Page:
The Bank of England is keeping a close watch on consumer spending amid signs households are dipping into their savings and amassing debts to keep spending in the face of rising inflation.
Mark Carney, the Bank governor, said consumer spending had held up since last summer’s vote to leave the EU but he reiterated a warning that living costs were likely to rise on the back of a weak pound and squeeze households’ real incomes.
In a speech setting out the tradeoff the Bank faces between keeping inflation in check and supporting growth and jobs, Carney noted signs that consumers continued to power the UK economy.
“At present, households appear to be entirely looking through Brexit-related uncertainties. The saving rate has fallen towards its pre-crisis lows, and consumer borrowing has accelerated notably,” Carney said in a speech to the London School of Economics on Monday.
But he reiterated the Bank’s fears that this important driver of growth was under threat this year as the pound’s fall since the EU referendum pushes up the cost of imports and that is passed onto consumers as higher prices.
Carney pointed to lessons from recent history that such growth tended to be both “slower and less durable”.
“This is because consumption growth eventually outpaces earnings growth, increasing debt and making demand more sensitive to changes in employment and income,” he said.
Speaking a day before official figures are expected to show that inflation reached a two-year high in December, Carney noted the Bank’s forecast made in November for higher inflation to weigh on people’s real incomes, slowing consumption growth. He said that how household spending evolves would be an important consideration for policymakers at the Bank over the next year as they weigh up how to set interest rates.
His comments about household borrowing come after the latest figures from the Bank showed that unsecured consumer credit, which includes credit cards, car loans and second mortgages, grew at its fastest rate in more than 11 years.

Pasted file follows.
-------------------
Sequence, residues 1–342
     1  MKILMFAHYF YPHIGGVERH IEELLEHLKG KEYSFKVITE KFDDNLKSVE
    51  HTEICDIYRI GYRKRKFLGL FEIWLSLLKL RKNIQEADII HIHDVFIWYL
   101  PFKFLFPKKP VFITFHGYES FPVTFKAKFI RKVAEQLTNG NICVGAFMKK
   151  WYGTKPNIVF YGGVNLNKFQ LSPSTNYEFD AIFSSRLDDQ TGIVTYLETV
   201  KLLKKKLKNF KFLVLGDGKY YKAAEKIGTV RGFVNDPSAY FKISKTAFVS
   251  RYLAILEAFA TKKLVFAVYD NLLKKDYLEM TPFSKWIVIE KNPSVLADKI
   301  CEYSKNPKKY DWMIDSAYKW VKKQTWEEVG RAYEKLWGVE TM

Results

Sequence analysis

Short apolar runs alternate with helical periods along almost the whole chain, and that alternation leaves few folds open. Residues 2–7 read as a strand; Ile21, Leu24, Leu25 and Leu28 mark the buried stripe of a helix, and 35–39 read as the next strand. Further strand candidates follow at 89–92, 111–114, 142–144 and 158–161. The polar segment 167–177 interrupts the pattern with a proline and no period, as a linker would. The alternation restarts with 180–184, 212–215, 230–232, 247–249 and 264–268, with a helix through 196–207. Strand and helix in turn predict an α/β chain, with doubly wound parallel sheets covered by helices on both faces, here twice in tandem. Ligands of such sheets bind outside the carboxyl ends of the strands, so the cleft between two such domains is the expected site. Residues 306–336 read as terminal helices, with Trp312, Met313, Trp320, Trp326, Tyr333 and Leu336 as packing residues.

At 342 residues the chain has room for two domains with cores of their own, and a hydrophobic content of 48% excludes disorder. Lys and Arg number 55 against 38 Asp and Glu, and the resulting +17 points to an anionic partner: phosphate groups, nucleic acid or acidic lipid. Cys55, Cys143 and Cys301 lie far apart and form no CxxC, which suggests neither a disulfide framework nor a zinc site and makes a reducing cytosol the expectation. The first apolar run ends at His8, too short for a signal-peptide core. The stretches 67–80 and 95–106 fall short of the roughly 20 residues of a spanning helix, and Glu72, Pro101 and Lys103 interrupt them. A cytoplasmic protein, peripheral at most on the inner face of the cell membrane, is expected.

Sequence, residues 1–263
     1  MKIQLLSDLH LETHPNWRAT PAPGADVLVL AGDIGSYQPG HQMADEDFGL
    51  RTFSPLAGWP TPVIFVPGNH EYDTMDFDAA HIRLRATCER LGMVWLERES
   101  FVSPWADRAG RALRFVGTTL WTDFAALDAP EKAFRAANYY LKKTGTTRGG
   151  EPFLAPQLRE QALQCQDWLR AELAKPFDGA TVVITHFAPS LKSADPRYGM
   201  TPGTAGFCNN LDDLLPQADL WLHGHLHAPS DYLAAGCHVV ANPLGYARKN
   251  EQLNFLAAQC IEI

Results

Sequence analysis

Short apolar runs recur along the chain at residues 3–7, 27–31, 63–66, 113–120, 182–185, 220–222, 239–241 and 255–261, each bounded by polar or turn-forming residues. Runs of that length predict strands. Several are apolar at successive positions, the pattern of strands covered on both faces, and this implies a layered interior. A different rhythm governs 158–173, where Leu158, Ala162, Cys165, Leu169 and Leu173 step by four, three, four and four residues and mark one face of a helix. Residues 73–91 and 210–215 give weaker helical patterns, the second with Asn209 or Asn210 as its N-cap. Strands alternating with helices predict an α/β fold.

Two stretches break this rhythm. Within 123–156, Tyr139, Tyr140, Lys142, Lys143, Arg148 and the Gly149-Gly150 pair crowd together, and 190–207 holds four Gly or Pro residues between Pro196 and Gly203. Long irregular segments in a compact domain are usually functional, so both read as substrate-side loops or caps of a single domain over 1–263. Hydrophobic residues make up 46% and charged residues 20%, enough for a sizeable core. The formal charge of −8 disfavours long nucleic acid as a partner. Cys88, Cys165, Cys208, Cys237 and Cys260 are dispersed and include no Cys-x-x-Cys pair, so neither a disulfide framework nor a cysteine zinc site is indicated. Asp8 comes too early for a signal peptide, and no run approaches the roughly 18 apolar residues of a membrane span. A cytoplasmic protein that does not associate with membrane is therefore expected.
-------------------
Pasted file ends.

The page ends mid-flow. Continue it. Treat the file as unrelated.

Debt charities said the signs of a credit boom that is close to levels not seen since the 2008 financial crash should set alarm bells ringing in Theresa May’s government.
Carney did not elaborate on the rise in household borrowing but said the monetary policy committee would continue to monitor the situation.
In his speech, he also defended again the Bank’s decision to cut interest rates to a record low of 0.25% in August to shore up confidence and limit job losses in the wake of the EU referendum in June. The Bank chose to risk allowing inflation to overshoot its 2% target in order to limit the effects to unemployment, he said. Not acting then would have cost an extra quarter of a million jobs, Carney said.
“Fully offsetting the persistent effects of sterling’s depreciation on inflation would have required exerting further downward pressure on domestic costs. And that would have meant even more lost output and a total disregard for higher unemployment,” he said.
Carney did not give a hint of whether interest rates were headed up or down next. Instead he repeated his recent mantra: “Monetary policy can respond, in either direction, to changes to the economic outlook as they unfold to ensure a sustainable return of inflation to the 2% target.”
Before May’s key speech on the Brexit process on Tuesday, Carney sought to strike an upbeat tone concerning the UK’s longer-term prospects outside the EU. “The flexibility and dynamism of this economy will help it adjust as its relationship with the EU becomes clearer and new opportunities with the rest of the world open up,” he said.